The usual treatment of the top.  Not that this one has the bearing on the top, and the thrust plate on the bottom.  That's done to keep the bearing from falling out, even though the skate bearing is designed to be a press fit. 

I can never get the bearings quite close enough to be a press fit.

Here's the complete assembly.  What you do not see is a rod that will go down between the top and bottom to add pressure on the bearings.  The design depended on the spring moment of the aluminum to hold the thing in place.  This was not enough.
Front view.  For more rigidity, the assembly can be placed in the same location as the toolpost.
Without the bar, but with the gear blank. 

The main problem is not only the vibration up and down due to play in the assembly, but also that there is nothing to actually do the cutting.

That gets fixed next.

Another view from the side.
A closeup of the blank.  It's working, sorta.  The rod needs teeth cut in it, and the blank needs something else.
You can see that the fit is a bit tight, but not too bad.  If needed, I can always adjust the position of the arm assembly in and out a bit.
The main worm gear needs to be pre-cut to give the gear cutting teeth something to grab onto.  If you do not, then the gear blank just spins as well as it takes forever to cut.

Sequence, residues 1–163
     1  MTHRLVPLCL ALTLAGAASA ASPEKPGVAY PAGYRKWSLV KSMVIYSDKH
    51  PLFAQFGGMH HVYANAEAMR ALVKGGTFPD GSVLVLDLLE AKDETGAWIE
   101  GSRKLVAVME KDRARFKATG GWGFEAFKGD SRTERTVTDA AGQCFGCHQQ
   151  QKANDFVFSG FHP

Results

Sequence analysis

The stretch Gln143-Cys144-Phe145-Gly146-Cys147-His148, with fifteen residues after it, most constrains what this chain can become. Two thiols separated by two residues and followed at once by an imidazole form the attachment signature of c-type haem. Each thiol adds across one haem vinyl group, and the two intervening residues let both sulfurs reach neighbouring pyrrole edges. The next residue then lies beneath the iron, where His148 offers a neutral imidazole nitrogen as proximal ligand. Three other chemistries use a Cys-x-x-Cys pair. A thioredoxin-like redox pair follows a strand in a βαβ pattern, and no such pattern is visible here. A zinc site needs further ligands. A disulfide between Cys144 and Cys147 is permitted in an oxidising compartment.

Mount the gear vertically in the rotary table, with the section to be gashed ready for the cutter.  There will be 180 such cuts. 

Each clamp will have to be removed to allow the complete surface to be machined.

Close up of the clamps.  This is right at the limit of the table and the clamps.
I use the dovetail cutter to gash the blank, just a little.
Well, it is finished.
I relived the edges of the acme screw a bit, then cut spiral gashes to actually cut the material.  I don't need to harden the screw, because it's only going to cut aluminum.
As the lathe runs, the cutter evens out the gashes.  Because the slashes do not go into the body of the thread, but only down to it, the most that will be done is to cut to the body diameter of the rod.  That is what the outer diameter is sized for in the worm gear. 
You can see the gear cutting right now, and you can also see that I added a rod for tension.